Coat Check Casanova
nytheatre.com review by Martin Denton
June 25, 2011
Jaime Robert Carrillo's new play Coat Check Casanova actually feels like three plays, or at least tantalizing snippets of three plays. It's clearly an ambitious and audacious project, but its scattered focus and divergent styles keep it from cohering as successfully as one would like.
The piece begins in the fevered imagination of Victor, the coat check attendant AND Casanova-wannabe of the title. We see him asleep on his forlorn bed in his lonely apartment; on the stage behind and around him we see the women of his dreams—beautiful and often scantily-clad and always filled with desire for him.
Then his day begins; real-life intrudes in the form of Sean, a relatively obnoxious young man who, while not exactly Victor's friend, his probably the person he's most in contact with: his quasi-landlord/boss. Victor eventually dresses and heads for work. In the next section of the play, his thoughts and dialogue is voiced by an on-stage character, intriguingly played by a woman. Then Victor breaks the fourth wall and starts to talk directly to us (in his own voice) about his job as a coat check attendant. Carrillo is most successful in his playwriting in these sections, which really reveal what it means to be in one of America's invisible occupations—a service worker at the lowest rung of the hierarchy, taken for granted and too often taken advantage of. Victor explains his work to us in a way that commands our attention without feeling whiny or self-involved.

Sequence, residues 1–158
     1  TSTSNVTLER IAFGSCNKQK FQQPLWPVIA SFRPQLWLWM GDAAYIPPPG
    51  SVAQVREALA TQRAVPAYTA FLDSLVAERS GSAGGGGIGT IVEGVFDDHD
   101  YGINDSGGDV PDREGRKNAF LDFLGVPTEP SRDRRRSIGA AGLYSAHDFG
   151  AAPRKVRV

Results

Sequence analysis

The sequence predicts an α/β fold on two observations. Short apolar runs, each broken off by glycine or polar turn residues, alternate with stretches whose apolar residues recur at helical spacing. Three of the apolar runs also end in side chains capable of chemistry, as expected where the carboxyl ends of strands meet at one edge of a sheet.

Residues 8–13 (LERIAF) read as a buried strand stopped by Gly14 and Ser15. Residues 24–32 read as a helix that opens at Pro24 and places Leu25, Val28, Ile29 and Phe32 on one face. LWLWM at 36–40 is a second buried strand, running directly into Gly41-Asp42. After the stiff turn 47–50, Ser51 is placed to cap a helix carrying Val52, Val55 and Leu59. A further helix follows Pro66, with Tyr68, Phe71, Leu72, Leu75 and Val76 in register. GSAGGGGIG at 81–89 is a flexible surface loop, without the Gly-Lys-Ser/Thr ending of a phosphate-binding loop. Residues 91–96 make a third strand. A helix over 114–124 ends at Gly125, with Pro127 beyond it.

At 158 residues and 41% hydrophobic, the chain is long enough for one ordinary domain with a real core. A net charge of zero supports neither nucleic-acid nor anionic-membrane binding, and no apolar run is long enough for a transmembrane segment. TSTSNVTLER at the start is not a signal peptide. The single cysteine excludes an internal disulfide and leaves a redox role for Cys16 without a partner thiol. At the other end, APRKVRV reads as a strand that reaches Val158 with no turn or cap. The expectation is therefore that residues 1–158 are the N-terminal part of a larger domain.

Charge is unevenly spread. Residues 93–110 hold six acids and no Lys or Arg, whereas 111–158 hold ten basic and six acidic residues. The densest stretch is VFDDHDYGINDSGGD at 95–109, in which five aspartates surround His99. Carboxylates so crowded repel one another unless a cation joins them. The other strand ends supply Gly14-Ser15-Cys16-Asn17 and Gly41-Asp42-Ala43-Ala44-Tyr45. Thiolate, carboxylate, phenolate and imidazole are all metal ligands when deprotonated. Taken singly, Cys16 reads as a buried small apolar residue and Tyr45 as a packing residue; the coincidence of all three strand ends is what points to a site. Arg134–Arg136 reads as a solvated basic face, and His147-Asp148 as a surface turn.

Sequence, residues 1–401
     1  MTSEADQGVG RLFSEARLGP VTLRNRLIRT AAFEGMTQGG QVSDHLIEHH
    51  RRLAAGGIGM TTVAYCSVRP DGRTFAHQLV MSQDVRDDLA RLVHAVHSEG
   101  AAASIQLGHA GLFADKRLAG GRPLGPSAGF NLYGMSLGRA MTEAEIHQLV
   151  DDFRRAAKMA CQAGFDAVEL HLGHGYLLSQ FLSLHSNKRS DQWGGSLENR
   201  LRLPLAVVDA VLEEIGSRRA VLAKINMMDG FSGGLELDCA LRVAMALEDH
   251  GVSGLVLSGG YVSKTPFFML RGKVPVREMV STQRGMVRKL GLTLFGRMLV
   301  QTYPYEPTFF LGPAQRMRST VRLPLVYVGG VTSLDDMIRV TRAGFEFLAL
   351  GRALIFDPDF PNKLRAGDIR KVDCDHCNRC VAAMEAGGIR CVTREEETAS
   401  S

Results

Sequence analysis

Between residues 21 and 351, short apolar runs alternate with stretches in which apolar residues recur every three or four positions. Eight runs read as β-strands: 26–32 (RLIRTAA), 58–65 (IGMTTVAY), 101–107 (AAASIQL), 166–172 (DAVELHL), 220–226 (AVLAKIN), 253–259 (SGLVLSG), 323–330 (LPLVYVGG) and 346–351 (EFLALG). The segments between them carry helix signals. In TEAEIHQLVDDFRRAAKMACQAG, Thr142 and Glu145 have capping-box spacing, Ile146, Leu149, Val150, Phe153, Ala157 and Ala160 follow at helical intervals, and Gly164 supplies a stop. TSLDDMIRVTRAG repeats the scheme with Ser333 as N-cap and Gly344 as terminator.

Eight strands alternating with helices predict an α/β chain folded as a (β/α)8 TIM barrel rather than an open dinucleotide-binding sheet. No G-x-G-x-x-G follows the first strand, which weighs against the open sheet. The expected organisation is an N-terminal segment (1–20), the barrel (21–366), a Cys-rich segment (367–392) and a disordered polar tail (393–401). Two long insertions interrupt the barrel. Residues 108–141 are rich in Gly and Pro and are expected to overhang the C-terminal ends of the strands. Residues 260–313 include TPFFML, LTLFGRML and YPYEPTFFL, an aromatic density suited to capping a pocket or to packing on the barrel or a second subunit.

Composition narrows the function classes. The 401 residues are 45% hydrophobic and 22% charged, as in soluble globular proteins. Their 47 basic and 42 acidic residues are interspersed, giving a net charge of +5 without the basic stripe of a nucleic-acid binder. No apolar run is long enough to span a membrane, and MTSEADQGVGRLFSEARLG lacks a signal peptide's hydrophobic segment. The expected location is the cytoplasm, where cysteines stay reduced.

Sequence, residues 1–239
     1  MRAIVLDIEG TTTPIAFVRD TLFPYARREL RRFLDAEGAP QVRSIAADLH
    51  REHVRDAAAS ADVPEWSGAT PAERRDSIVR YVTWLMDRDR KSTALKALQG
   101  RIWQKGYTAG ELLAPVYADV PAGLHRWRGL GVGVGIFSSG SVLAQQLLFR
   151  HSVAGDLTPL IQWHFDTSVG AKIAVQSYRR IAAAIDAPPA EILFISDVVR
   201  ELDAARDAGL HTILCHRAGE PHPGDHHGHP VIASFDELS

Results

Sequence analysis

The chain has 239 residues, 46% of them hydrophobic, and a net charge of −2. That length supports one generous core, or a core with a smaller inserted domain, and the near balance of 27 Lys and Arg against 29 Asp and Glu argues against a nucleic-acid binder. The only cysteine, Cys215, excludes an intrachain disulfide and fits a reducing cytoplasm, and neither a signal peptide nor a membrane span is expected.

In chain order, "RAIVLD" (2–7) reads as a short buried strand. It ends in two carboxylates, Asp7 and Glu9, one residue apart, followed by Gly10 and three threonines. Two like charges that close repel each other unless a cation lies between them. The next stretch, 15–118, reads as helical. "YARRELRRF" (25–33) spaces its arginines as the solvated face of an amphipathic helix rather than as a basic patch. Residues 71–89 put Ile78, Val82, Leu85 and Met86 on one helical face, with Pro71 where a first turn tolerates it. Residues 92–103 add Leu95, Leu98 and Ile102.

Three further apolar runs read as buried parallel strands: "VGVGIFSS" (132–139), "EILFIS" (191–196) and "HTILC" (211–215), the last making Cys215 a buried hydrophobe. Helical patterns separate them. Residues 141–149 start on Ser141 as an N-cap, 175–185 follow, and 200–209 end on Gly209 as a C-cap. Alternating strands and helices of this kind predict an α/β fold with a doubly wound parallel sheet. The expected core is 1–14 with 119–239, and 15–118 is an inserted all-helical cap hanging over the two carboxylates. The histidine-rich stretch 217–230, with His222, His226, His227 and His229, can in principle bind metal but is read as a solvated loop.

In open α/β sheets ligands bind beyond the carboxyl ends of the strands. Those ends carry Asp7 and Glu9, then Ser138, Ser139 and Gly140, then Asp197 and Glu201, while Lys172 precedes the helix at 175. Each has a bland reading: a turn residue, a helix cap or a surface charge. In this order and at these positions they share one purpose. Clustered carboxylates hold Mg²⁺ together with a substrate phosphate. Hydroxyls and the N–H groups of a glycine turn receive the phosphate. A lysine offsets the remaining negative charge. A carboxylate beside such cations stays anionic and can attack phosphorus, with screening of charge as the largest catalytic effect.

And then the third component of Carrillo's play slips in, involving a probably illusory affair with a beautiful young woman named Lia, and then a probably actual affair with a different beautiful young woman, this one named Marlene. These segments feel at odds with the other parts of the play: for me, anyway, I liked the dream and actual sides of Victor's life to be viewed separately rather than melded abstractly in these somewhat confusing scenes.
And then there's the homeless man, played with real energy and vigor by Keldrick Crowder, who sometimes harangues Victor on his way between work and home. In this character seems to lie the spirit and weight of the play, and I actually wouldn't have minded seeing more of him.
Carrillo himself plays Victor, and his performance, under Joshua Benson's direction, is effective.